Some Arlington School Board members are putting pressure on administrators to get more students inside school buildings more often.
Arlington Public Schools has finished a month-long process of phasing students into school buildings for a hybrid, two-day-per-week model of in-person learning. Currently, about 35% of students are still fully virtual, and some of them are on waitlists for in-school instruction.
Some School Board members told Superintendent Francisco Durán on Thursday that they want more students in classrooms, as well as more than two days a week of in-person instruction, in light of new guidance from the Centers for Disease Control and Prevention. The CDC halved its social-distancing guidelines from six feet to three feet among students in classrooms.
Durán previously said that APS would conclude the spring semester in the hybrid model.
In response to the new guidance, Durán told School Board members that APS will admit some waitlisted students into buildings, prioritizing those learning English, receiving special education services, or at risk of failing grades 8 and 12.
Citing logistical and instructional hurdles, however, APS will not be increasing the number of days students can be in-person based on the new guidance, he said. It will use the guidance to work toward five days of in-person instruction for summer school and the fall, he said.
“I have received many calls over the past week — since the beginning of the guidance we received — asking us to revise our model and provide four to five days of in-person instruction,” Durán said. “I certainly understand those calls and the disappointment many people are feeling in wanting to get back more days in-person.”
Under the new guidance, buses could transport up to 22 students, or one in every row, where it currently seats 11 students, one every other row. Inside classrooms, every classroom could theoretically increase the size from 12 to 14 students. Staff said such changes would require redrawing bus routes for the entire school system and true capacity would vary by classroom and school building.
Doing so would take staff away from the task of carrying out the hybrid model that APS just finished rolling out, he said.
“This change is not a simple change that can just happen quickly when you think of all the things that need to happen,” he said. “Planning for five days in the summer and fall is something is something that we will be doing.”
Board Vice-Chair Barbara Kanninen said Thursday’s presentation tells the community that APS is coming up with excuses not to do something hard.
“When we let students into school, we certainly don’t let them say, ‘This is hard,'” she said. “We start asking them to get started with something — to try something. I believe that our staff does have a can-do spirit but I’m not hearing it this evening.”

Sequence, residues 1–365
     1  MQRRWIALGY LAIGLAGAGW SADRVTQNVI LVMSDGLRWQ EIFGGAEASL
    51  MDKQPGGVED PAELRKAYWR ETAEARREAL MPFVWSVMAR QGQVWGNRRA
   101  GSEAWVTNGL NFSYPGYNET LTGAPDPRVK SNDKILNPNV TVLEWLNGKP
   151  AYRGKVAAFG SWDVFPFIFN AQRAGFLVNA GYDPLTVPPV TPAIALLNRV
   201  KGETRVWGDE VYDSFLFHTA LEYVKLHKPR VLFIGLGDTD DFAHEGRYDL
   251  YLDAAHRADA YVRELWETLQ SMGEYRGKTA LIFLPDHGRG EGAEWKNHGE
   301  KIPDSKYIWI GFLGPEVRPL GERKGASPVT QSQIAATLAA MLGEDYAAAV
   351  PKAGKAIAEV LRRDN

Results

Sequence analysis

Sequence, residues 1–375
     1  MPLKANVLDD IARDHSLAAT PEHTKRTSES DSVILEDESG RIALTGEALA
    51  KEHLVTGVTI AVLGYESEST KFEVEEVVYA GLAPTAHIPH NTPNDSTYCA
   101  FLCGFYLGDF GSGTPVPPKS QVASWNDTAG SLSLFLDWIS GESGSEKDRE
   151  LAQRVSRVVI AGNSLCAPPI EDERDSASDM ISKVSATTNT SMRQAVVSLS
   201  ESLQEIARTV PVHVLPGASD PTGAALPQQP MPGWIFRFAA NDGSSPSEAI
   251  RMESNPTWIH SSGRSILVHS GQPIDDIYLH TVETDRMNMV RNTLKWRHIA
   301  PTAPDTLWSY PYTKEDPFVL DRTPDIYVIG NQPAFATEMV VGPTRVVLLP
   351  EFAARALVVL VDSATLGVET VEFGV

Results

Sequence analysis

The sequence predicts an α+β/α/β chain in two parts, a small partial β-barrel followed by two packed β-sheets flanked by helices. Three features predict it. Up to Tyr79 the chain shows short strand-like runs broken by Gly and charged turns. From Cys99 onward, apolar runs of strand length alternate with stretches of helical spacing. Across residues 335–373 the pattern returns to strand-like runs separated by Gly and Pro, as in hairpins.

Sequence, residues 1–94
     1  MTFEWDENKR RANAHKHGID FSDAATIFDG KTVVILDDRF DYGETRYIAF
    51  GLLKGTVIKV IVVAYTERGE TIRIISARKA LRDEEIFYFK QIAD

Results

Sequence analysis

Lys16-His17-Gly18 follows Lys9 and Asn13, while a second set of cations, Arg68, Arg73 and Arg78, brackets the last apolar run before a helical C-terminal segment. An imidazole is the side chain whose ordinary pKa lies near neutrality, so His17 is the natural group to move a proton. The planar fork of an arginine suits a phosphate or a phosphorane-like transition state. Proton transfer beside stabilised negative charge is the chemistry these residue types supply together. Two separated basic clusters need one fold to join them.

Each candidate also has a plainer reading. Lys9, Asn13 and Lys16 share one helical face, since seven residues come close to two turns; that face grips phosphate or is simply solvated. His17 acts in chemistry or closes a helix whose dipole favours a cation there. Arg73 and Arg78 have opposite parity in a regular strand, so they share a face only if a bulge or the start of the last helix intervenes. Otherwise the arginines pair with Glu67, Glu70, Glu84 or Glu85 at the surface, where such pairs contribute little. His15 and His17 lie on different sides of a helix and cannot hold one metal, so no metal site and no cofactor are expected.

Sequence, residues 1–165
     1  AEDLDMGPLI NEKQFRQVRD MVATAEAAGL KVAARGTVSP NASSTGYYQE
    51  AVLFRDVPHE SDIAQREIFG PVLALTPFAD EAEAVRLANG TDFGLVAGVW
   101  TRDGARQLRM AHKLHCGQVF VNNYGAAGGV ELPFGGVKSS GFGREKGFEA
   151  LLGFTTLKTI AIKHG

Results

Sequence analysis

She and Reid Goldstein said by the next meeting, they want to see a new plan that gets more students in-person for more days.
“We’ve all been saying all along that in-person is the best method; now, opportunities have widened and we need to leverage those opportunities as best we can,” Goldstein said. “Logistical challenges don’t mean that today’s status quo is immutable. We need to do our best to balance logistical challenges with new opportunities to bring more students back to buildings.”
Board member David Priddy said he is pleased to see waitlisted students are being prioritized, but “we should take it a step further and plan for more days in-person than just two.”
Before the CDC released new guidance, principals were already admitting students from the waitlists, Durán said. Since opening, elementary schools have admitted 3,500 students off the waitlists, and “there are few students on most waitlists at this time,” he said.
Arlington Parents for Education, a pro-reopening group, urged School Board members to vote on an “urgent and rapid return to school plan” when they meet again — or propose “a vote of no confidence” in the superintendent.
“We commend the School Board Members for pushing back on this utter lack of creativity, planning and determination to get more students more time in-person as soon as possible,” APE said. “This is an emergency for your students, let’s act like it.”
Smart Restart APS, a group that advocates for a more cautious approach to bringing students back, welcomed the news that Durán will stick to the hybrid plan.
“Thank you [Superintendent Durán] for adding waitlisted kids to hybrid, but not going 100% occupancy until issues (outdoor lunch/common areas, testing, air, etc.) are addressed,” the advocacy group said in a series of tweets. “Tonight’s update shows leadership to apply CDC’s revised advice and to set a fall [target].”
Photos via Arlington Public Schools